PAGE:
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Sacred Hunger

Narrated by: David Rintoul
Length: 22 hrs and 16 mins
4.5 out of 5 stars (85 ratings)
Regular price: $20.97
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Publisher's Summary

Man Booker Prize Winner, 1992

Sacred Hunger is a stunning and engrossing exploration of power, domination, and greed. Filled with the "sacred hunger" to expand its empire and its profits, England entered fully into the slave trade and spread the trade throughout its colonies. 

In this Booker Prize-winning work, Barry Unsworth follows the failing fortunes of William Kemp, a merchant pinning his last chance to a slave ship; his son, who needs a fortune because he is in love with an upper-class woman; and his nephew, who sails on the ship as its doctor because he has lost all he has loved. The voyage meets its demise when disease spreads among the slaves and the captain's drastic response provokes a mutiny. Joining together, the sailors and the slaves set up a secret, utopian society in the wilderness of Florida, only to await the vengeance of the single-minded young Kemp. 

©1992 Barry Unsworth (P)2012 AudioGO Ltd.

What members say

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  • Overall
    5 out of 5 stars
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    5 out of 5 stars

Beautifully written and Masterfully narrated.

This is, quite simply,a modern masterpiece. It is everything that great literature should be - eloquent, profound, entertaining, and accessible. The topic of slavery is terribly difficult to read about, but so important to acknowledge and be well informed upon. Unsworth's amazing novel approaches the subject from a unique perspective that is both emotionally affecting and intellectually stimulating without sacrificing good old story telling.
David Rintoul's performance is nothing short of brilliant. His many accents, his understanding of the text, and his perfect pacing all added greatly to the overall experience. This one is definitely worth a credit.

5 of 5 people found this review helpful

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Wise, Perceptive, Heart-breaking

What made the experience of listening to Sacred Hunger the most enjoyable?

I can't remember the last time a novel impressed me so much. Any modern individual looking at the history of the Atlantic slave trade has to marvel that such a horror took place. What, we ask ourselves today, possessed European slavers to abduct, torment, and then finally sell perfect strangers who had done them no wrong? You can read the histories, some dry and some vivid. But if you want to hear how the slavers justified themselves in their own voices, this is the book for you. Thru fiction, Unsworth relates what the impoverished UK underclass saw in slavery, what the profiteers saw, what a man of the Enlightenment might have seen. In telling this tale of the Atlantic slave trade, Unsworth ignores all temptations to cheap and empty moralizing. Humans aren't born with much of a moral sense, Unsworth seems to be saying, but change does happen and in that we can take some comfort.

What about David Rintoul’s performance did you like?

Fortunately, the author's powers of prose and story-telling are matched by the talents of the narrator, David Rintoul. Not only does he nail the many regional accents of Britain (and Ireland), he nails them even when he has those characters speaking pidgin! And Rintoul is an utter master of tone and inflection to distinguish characters who would otherwise sound too much alike.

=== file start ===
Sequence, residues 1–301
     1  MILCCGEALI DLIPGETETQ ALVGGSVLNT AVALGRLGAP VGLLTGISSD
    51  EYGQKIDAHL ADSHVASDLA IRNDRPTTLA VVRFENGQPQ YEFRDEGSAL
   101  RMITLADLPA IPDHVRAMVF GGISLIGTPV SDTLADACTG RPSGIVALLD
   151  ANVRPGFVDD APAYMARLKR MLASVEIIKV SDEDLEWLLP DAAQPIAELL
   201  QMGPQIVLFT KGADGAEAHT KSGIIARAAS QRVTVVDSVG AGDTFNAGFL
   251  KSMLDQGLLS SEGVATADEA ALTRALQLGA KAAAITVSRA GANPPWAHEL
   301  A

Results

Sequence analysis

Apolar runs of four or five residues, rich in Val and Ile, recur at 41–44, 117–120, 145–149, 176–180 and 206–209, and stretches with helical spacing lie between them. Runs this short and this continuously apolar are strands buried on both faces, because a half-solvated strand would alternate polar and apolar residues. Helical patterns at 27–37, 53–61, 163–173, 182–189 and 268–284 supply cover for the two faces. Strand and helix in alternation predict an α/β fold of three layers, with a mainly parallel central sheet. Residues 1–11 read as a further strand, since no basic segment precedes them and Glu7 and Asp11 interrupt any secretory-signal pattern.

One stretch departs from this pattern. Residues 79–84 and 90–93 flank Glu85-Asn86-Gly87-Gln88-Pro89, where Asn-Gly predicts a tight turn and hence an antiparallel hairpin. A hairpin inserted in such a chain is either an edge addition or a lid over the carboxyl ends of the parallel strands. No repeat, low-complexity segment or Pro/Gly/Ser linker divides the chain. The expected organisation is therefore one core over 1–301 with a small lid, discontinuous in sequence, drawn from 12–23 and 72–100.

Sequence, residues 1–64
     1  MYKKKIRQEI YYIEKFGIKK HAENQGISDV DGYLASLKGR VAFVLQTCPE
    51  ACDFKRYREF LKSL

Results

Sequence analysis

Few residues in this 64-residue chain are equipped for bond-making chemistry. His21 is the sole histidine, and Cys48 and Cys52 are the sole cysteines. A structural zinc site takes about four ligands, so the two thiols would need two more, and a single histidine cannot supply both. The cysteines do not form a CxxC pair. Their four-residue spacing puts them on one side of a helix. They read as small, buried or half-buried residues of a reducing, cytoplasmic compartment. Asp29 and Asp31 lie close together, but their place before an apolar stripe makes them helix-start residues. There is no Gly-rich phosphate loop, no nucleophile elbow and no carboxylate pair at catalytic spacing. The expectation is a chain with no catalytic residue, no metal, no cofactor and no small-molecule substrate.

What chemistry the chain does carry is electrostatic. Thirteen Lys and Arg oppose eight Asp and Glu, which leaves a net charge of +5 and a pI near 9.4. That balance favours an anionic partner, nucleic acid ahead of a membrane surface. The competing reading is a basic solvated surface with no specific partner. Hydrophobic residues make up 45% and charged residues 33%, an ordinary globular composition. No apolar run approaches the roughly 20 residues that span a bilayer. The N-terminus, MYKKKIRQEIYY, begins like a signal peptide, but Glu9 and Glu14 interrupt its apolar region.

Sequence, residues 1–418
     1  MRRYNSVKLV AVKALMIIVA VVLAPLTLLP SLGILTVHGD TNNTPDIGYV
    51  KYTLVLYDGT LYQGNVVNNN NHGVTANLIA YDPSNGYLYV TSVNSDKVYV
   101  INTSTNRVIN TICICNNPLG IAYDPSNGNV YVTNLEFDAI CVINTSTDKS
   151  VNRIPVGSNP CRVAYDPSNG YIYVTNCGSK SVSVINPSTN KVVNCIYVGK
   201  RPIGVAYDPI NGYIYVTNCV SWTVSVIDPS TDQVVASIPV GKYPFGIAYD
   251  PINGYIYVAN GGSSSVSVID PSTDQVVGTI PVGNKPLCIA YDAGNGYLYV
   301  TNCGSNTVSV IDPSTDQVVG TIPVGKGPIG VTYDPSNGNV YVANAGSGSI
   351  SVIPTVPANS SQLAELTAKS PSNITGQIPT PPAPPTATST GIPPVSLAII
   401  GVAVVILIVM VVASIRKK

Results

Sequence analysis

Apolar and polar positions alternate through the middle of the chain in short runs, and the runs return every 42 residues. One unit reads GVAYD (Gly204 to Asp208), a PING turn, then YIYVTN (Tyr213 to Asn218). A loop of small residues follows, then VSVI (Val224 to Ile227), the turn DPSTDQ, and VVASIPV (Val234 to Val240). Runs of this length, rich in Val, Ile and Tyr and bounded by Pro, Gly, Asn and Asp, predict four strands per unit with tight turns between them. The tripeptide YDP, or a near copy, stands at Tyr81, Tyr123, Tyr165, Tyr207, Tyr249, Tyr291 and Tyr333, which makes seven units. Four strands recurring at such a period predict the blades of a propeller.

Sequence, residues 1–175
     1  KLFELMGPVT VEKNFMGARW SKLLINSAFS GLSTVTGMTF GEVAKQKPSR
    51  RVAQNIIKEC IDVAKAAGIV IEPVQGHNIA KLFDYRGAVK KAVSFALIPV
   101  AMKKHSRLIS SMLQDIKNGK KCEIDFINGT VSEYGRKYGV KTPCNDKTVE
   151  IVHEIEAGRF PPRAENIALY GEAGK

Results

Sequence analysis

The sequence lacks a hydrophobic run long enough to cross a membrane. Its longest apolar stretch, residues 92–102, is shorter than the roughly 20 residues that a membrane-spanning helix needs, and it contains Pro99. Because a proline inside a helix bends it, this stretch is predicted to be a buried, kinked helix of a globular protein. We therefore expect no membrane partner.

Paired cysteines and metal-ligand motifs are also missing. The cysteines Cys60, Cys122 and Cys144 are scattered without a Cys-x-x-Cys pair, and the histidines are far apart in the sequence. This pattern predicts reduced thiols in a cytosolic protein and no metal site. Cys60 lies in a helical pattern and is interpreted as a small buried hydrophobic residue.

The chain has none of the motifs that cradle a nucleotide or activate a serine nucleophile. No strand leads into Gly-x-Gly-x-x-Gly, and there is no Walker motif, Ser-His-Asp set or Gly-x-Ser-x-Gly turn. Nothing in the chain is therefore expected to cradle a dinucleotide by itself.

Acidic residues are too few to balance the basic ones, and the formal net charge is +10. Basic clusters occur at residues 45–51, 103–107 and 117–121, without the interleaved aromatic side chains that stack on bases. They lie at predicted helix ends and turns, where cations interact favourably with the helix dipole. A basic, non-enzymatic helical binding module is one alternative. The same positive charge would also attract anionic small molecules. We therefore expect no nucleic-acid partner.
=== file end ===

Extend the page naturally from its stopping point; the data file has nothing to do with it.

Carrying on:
10 of 11 people found this review helpful

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A great adventure of hope and moral

This is a well written, compelling, and entertaining historic novel. It has some memorable characters and an important underlying moral. The Audible performance is excellent by David Rintuol. I have heard him narrate other books and he has performed them in the same professional and dramatic way that makes the work come to life, contributing to an enhanced appreciation of the work. Nothing about this novel or this performance disappointed me.

2 of 2 people found this review helpful

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excellent!

Would you recommend this audiobook to a friend? If so, why?

yes! great reader! interesting story! excellent writing!

What was one of the most memorable moments of Sacred Hunger?

the last moments between Erasmus and Mathew Paris after such a long colorful story leading up to that monent

Have you listened to any of David Rintoul’s other performances before? How does this one compare?

no

Was this a book you wanted to listen to all in one sitting?

no

Any additional comments?

fantastic book. very well written. great descriptions!

2 of 2 people found this review helpful

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    3 out of 5 stars

the ending was a bit abrupt but a good story

I wigh the end hadn't been so rushed. other parts of the book dragged. why not draw the kast hour or two out a bit more?

2 of 2 people found this review helpful

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    3 out of 5 stars
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floundering a bit

The two characters that kept me going was Billy Blair and Michael Sullivan. the story would peak my interest then flounder. the ending was unsatisfactory.

1 of 1 people found this review helpful